We have two really cool ‘silent rooms’ anybody can go to when they feel that the office bullpen is getting too loud. Once inside, you are not allowed to talk (unless you and your buddy have super-human whispering skills) and your phones should be on silent. Not on vibrate, but on silent. This is the metaphorical cave where programmers disappear into and come out with bags full of features. Silent rooms are our rock and our refuge, the one place where we won’t be disturbed. The rooms are insulated so that if someone revs their bike right outside the window, we wouldn’t know about it. And yes, I’m writing this blog sitting in one of the silent rooms.
9. Do you use the best tools money can buy?
Yes, developers bring their own device to work. I actually moved my assembled desktop into the office since I was convinced that an underpowered laptop without a discrete GPU won’t be able to ‘handle me’. Whatever makes you productive.
IDEs too are up to you to decide, and my favorite contester is PyCharm. We also have employed a slew of awesome tools like Slack, Sentry, and Loggly to make sure that our developers are as productive as they can be. Look at our StackShare page for more.
However, this does not mean we have a paid subscription for insert your favorite tool for x here. We don’t give MacBook Pros to our developers (but we do finance interest-free EMIs if they choose to buy one). We just recently got Slack premium. We are moving from Asana to Clickup. We have not maxed out the parallelism of our CircleCI builds. We also don’t swim in money. We only buy things that make us more productive.
10. Do you have testers?
No. The developers are responsible for their stories/features and they are expected to test it well before pushing to production. However, since another pair of eyes is always better, the person who requested the story (usually a Product Manager from the team) would do an ‘Acceptance Testing’ to make sure what you wrote conforms to the (hopefully frozen, rock solid) specs.
11. Do new candidates write code during their interview?
Yes, an insane amount of code. These are the steps that you would go through to get hired as a Product Engineer at Squad:
- A call from our awesome CTO, Vikas
- A design round, over the phone
- A take-home assignment. (During my interview, I spent around 2 days on it and wrote a lot of code)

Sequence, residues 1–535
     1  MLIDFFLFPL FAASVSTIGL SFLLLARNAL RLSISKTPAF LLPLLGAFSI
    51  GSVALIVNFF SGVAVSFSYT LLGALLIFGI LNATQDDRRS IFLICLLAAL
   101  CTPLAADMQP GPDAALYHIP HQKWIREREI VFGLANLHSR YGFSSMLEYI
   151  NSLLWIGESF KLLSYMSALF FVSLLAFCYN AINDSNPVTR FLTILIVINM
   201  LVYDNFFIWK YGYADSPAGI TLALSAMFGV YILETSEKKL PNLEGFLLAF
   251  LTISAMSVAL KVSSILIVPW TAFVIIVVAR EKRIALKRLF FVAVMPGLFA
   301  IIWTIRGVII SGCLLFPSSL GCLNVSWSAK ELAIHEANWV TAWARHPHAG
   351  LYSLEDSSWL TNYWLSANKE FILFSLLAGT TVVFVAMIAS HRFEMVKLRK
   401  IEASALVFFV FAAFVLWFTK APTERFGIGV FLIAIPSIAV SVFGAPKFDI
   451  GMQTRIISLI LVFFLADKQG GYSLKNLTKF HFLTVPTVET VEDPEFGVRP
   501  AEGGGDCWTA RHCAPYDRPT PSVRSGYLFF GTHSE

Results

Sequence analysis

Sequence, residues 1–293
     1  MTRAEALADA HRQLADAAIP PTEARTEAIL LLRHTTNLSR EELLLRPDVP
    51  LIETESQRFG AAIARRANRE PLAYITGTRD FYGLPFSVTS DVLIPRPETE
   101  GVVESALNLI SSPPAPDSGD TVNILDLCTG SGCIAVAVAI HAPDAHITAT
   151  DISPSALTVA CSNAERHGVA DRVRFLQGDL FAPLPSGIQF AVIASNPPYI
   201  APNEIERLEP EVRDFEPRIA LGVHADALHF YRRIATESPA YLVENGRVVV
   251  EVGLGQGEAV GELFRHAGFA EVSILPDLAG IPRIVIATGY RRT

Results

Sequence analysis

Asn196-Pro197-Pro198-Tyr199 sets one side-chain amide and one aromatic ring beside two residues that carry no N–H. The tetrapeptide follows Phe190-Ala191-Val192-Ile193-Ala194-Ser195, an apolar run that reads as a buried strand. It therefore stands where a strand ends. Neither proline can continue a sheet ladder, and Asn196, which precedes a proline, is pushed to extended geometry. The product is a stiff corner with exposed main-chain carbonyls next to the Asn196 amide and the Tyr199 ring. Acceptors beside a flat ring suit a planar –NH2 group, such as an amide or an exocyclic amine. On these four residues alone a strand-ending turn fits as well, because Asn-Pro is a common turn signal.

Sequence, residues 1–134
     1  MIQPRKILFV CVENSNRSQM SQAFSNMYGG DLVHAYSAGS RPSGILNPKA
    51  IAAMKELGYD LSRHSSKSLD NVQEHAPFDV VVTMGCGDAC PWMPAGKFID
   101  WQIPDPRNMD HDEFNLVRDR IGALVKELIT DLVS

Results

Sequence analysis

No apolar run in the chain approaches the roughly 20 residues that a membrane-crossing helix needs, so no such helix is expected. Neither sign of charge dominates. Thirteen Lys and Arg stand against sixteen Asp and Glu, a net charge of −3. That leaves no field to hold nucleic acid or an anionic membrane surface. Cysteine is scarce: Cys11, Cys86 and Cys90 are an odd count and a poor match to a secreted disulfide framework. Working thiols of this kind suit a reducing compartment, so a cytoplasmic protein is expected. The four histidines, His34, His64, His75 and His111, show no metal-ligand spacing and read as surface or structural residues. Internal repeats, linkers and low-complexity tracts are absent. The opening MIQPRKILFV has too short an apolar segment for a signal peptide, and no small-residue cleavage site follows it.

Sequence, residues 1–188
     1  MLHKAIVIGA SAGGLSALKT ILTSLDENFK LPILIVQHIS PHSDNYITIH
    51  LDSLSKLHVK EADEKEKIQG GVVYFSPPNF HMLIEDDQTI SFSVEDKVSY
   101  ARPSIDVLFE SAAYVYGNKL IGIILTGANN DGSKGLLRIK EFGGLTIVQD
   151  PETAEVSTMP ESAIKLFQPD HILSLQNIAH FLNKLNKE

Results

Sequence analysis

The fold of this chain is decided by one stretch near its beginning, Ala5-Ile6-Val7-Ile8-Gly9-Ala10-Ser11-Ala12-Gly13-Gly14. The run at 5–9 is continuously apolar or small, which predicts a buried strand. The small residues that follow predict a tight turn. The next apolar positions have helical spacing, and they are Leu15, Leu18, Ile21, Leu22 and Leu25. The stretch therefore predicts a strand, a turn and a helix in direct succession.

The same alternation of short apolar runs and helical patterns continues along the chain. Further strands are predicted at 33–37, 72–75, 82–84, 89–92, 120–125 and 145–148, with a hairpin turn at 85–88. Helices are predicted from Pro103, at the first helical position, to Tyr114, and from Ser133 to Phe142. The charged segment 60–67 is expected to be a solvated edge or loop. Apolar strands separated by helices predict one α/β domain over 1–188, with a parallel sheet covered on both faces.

- The team at Squad runs your code, and see if it works as intended. Bonus points if you have a
readme.mdthat makes our life easier
- The team then reviews your code. I want to stress this part. We actually read your code, and it ‘works’ does not mean you pass
- A meaningful discussion over email about your chosen design and execution
- You get invited for an on-premise interview. First round is ‘activity extension’ — extend your take-home assignment to add a couple of features. If your methods/modules were too tightly coupled and inflexible, you’d have a hard time here
- Another design round. You are expected to design the solution to a problem, and write skeleton code to solve it. Given the time constraint, you get bonus points if your code actually works
- A bug smash round. You are given a code base and your task is to refactor it according to your definition of ‘good code’
Yes, that’s a lot of code and I guarantee you that it will be the best technical interview you’ve ever had!
12. Do you do hallway usability testing?
Remember what I said about our high octane HQ? It is almost impossible to keep a feature under the wraps till the time it’s released. “Oh Kevin it looks cool but I don’t think it is really useful because of x and y” happens a lot and I’m grateful for it. Continuous improvement and constant iteration is part of our DNA. That being said, there has also been instances where I waited too long to show my features, or I committed to production and then asked the stakeholder to go through the feature. Hallway testing is a guideline. Though we strive to follow the best practices and guidelines whenever possible, it is not always possible. As they say, it is easier to ask forgiveness than to ask for permission. Not always, but sometimes.
So we’re finally here — time to count the points. I would claim that we scored a solid 11, but a skeptic would argue that we barely made a 10. You be the judge.
Also there are a lot of questions that the test does not address, like how easy it is for developers to work remotely (very easy, our team is partly remote) and how often do you refactor code (very often). But I’ll defer that to another post.
This post was much ‘shittier’ than it is now. Thanks to my wonderful friends at Squad for helping me fix it